"History teaches us that the international community must defend the global rules and standards that keep us all safe. That is what our country has always done. And what we will continue to do."

In his own announcement on the new strikes, French President Emmanuel Macron said that France's "red line has been crossed," adding that there is "no doubt" that the Syrian government is responsible.

Macron says the operation is limited to Syria's abilities to produce chemical weapons

An international uproar over chemical weapons

The chemical attack prompted several nations to respond, including the UK, France, Saudi Arabia, Qatar, and Israel. Trump had reportedly talked to UK Prime Minister Theresa May and French President Emmanuel Macron this week, both of whom believed that the Syrian regime should be held accountable.

"I just want to say very clearly, that if they use chemical weapons, they are going to pay a very, very stiff price," Defense Secretary Jim Mattis said.

Abdul-Hamid Alyousef, 29, holds his twin babies who were killed during the suspected chemical weapons attack in Khan Sheikhoun in the northern province of Idlib, Syria, on April 4, 2017. play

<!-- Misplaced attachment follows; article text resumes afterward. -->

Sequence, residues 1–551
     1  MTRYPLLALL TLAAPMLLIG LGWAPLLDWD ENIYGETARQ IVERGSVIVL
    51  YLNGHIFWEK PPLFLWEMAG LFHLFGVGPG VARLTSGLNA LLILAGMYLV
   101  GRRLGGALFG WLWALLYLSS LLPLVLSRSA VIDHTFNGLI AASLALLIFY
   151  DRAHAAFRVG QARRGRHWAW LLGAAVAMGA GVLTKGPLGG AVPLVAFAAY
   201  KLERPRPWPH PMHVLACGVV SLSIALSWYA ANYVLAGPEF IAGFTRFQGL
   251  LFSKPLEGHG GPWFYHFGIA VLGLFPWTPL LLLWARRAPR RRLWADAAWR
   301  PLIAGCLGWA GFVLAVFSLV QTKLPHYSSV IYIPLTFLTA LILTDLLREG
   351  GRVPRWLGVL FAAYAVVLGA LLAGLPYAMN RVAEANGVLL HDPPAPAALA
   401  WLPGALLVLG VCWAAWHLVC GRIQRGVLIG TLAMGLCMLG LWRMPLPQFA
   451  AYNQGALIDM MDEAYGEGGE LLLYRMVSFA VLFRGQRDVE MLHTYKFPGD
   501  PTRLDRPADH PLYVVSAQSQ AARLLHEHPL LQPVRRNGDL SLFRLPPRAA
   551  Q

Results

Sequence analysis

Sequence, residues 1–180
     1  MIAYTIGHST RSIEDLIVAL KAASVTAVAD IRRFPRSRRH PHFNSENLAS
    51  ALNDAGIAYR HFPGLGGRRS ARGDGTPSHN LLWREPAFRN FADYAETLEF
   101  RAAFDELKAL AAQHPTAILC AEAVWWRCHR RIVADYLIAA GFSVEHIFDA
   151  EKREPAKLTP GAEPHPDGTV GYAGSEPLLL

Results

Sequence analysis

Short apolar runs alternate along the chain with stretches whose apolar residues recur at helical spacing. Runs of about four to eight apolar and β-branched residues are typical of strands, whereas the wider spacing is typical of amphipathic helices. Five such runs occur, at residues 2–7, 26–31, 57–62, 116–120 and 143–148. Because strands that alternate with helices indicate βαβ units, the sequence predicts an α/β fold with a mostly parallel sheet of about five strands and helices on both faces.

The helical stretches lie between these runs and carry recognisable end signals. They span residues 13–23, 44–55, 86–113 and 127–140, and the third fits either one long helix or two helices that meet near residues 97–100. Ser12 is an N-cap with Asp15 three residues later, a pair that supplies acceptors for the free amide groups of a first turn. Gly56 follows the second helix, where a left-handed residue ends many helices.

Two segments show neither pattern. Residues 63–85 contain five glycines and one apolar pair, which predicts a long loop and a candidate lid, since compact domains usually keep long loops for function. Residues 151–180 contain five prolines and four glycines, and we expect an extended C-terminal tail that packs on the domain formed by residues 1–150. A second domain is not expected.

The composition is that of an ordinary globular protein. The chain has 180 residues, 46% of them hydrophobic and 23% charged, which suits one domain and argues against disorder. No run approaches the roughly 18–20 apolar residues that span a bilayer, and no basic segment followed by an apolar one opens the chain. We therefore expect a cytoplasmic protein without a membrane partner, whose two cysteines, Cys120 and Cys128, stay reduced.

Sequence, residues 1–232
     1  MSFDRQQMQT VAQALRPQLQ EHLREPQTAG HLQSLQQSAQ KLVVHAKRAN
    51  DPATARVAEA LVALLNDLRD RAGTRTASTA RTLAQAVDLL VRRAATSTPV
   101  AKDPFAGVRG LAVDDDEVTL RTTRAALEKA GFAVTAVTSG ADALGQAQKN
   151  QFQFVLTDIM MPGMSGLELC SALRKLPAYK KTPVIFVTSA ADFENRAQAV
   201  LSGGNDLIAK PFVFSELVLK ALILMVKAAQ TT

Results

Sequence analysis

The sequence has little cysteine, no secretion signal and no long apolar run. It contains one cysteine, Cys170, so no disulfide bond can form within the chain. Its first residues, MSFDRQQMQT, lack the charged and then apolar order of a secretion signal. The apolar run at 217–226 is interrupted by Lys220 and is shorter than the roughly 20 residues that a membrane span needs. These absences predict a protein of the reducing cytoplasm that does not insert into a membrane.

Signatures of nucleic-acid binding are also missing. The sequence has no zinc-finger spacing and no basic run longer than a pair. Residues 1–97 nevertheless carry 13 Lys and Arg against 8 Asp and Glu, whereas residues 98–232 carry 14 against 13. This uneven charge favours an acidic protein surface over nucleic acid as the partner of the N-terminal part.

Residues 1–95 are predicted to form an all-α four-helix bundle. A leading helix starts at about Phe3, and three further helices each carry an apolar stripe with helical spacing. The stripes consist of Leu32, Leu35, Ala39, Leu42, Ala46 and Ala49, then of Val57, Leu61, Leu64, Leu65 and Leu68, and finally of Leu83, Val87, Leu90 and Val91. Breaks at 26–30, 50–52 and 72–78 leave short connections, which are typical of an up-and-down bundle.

Abdul-Hamid Alyousef, 29, holds his twin babies who were killed during the suspected chemical weapons attack in Khan Sheikhoun in the northern province of Idlib, Syria, on April 4, 2017.

(Alaa Alyousef via AP)

Although Trump reportedly advocated for a broad military strike that would punish Syria, and to an extent, its allies Russia and Iran, he is believed to have been met with resistance from Mattis and other military officials, who feared the White House lacked a broad strategy, The Wall Street Journal reported on Friday.

The latest chemical attack follows the suspected Syrian-sponsored sarin attack in April 2017, which reportedly killed 89 people. The US responded by firing 59 Tomahawk missiles at a Syrian airbase that was suspected of playing a role in the chemical attacks.

Despite overwhelming evidence of the government's involvement in the attacks, Syria has denied responsibility for both incidents.

In addition to Assad's denials, Russia, one of Syria's staunchest allies, has also dismissed the allegations as "fake news," and said its own experts found no "trace of chlorine or any other chemical substance used against civilians."

On Tuesday, Russia took its response a step further and vetoed the US-backed United Nations resolution that condemned the apparent chemical attack.

US ambassador to the UN Nikki Haley rebuked the decision and called it a "sad day."

"When the people of Douma, along with the rest of the international community, looked to this council to act, one country stood in the way," Haley said. "History will record that. History will record that, on this day, Russia chose protecting a monster over the lives of the Syrian people."